Mary McDermott loved God’s world and his works. She once told a young Seamus, (awash in stains from crawling through the grass and garden in the front lawn of their Dublin home), that “Dandelions were God’s paintbrushes.” He could see in his mind’s eye the ochre streaks on his boy’s pants held up with suspenders. He had felt that the stains were something bad; something he would be punished for, and had looked on his mother through tears of questioning guilt.
Whatever his mother said to him that day, and every other day she encouraged him or explained something, the focus would be God. Mary’s world was one of faithful contentment. There was a reason and a will behind every breath, every leaf that fell, every bird that sang, every bruise, and bloody knee; that of the Lord and his plan. We could not question with anger the stubbed toes of life, nor curse the road’s turns when they turned away from us, for man was the center of a plan in God’s garden, and there was a reason for everything; one that would include stories and fairy-tales and passages from the Bible as she combed his hair or mended his torn shirt. What the answer would be in the end would be sweet and simple, but remain a defined mystery. Her smile and the sense of comfort in that mystery was in complete contrast to his father’s academic approach, yet love and security warmed the young Seamus.
Mary would have said that the trout jump because it is God’s will. There would be a profound rightness and peace in her answer.
As Seamus’ eyes opened upon the banks of the stream, his left hand brushed against a tiny wildflower opening its purple petals to stare up at him. Purple was his little sister Rose’s favorite color, despite her name. She always wore a purple ribbon in her long strawberry-blonde hair as she followed him through his daily adventures. She was his favorite, and he was hers. She was as happy as he was inquisitive, his dark curly hair and brows contrasting with her round apple dimples and tiny white teeth. He made up stories for her full of knights and ladies, castles among the garden and frog princes at the edge of the little pond bordered with primrose. She listened and smiled… and always laughed.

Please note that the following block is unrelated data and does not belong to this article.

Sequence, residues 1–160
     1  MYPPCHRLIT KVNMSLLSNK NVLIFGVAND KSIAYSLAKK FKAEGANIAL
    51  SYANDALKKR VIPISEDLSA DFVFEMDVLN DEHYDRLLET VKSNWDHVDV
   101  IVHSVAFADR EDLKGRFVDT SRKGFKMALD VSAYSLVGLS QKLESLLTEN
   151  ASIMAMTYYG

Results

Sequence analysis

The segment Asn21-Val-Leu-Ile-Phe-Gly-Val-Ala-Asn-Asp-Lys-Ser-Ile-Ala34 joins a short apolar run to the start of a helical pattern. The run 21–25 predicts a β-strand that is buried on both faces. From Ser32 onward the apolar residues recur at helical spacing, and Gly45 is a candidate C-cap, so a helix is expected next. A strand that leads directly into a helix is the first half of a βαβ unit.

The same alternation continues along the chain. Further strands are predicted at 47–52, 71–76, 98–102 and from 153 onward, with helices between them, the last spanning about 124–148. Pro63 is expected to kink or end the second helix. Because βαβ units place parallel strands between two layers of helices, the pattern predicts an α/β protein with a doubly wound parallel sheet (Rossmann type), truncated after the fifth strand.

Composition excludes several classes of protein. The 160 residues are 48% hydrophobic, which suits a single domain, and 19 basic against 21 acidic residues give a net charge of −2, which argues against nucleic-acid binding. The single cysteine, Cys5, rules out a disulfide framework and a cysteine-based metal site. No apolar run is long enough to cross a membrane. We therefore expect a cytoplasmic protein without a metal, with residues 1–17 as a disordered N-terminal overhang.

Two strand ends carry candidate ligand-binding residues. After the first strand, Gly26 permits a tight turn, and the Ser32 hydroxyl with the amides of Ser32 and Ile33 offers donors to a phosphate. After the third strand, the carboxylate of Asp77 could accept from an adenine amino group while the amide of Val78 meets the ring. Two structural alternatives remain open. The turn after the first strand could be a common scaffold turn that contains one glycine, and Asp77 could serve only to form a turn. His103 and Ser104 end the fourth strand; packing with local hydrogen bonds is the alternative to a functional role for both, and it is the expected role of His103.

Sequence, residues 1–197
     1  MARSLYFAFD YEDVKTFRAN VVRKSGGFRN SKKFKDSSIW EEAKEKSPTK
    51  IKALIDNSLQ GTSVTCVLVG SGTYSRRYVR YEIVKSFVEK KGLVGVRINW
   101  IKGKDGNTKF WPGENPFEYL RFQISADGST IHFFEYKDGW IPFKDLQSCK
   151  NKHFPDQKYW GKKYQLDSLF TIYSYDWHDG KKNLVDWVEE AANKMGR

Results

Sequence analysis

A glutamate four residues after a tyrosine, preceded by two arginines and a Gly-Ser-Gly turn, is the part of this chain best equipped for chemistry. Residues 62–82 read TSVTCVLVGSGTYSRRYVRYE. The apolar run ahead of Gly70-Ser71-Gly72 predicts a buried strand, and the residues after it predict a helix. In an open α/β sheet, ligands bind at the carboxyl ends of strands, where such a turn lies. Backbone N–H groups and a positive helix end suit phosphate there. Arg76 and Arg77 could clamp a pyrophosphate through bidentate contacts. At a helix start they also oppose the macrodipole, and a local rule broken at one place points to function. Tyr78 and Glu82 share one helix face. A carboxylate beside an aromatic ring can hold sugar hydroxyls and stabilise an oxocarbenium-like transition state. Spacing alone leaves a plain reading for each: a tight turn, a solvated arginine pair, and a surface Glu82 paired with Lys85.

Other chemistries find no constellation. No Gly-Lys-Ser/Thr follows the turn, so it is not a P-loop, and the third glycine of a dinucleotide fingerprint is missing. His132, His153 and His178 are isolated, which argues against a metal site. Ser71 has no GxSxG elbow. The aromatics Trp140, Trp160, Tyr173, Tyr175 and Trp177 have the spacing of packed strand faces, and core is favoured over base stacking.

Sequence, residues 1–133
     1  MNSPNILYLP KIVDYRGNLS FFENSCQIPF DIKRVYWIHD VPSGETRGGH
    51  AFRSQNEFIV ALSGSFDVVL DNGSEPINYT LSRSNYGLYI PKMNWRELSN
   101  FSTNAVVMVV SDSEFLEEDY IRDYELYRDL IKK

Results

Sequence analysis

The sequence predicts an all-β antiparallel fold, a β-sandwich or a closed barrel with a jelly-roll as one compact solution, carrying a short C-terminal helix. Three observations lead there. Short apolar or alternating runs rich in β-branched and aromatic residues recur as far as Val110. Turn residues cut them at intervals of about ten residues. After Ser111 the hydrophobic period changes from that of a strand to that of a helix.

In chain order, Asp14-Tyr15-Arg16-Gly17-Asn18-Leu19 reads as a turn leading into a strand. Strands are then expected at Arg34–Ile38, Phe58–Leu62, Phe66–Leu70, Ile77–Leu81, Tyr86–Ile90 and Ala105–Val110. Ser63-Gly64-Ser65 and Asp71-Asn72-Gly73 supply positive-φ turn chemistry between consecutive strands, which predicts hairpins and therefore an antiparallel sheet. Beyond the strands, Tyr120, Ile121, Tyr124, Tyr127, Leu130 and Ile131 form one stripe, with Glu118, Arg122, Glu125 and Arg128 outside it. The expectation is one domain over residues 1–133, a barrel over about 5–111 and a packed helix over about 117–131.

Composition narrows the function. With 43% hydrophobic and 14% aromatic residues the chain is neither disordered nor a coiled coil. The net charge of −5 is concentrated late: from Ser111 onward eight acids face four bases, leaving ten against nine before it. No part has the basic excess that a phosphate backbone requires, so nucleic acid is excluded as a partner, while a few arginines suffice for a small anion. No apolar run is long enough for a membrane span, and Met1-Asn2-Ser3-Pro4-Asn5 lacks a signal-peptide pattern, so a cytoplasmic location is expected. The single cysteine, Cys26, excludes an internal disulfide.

He had visited her in her house in County Claire, married now and with a daughter and son of her own. The children taking them back to their youth in Dublin with their antics, and reminding them of stories they shared over a wine made with those dandelions of youth and crisp as their memories. Her smile and innocent exuberance had never changed. They had instead just grown larger with age and beauty.
Seamus recalled the day when he (ten years old and feeling ten feet tall and full of imagined manhood) had in response to a question posed by Rose as to why a lark, perching in a lilac bush was singing. He was doing his best to embody his father, and the answer was scientific and clinical; something about mating and territory. His voice filled with importance.
Rose had laughed and threw a handful of grass into his hair. She replied “No, silly! He is singing because he is happy!”
He opened his eyes. The trout were still jumping. Where science and religion only began to illuminate and uncover the beauty of a simple answer, innocence prevailed. She was right… the trout jumped because they were happy!
He was happy too, he thought aloud, as he bit off the fly at the end of his leader, never having wet a line that morning, but instead gathered wildflowers in his wicker creel for a love somewhere that awaited that perfect innocence he now felt.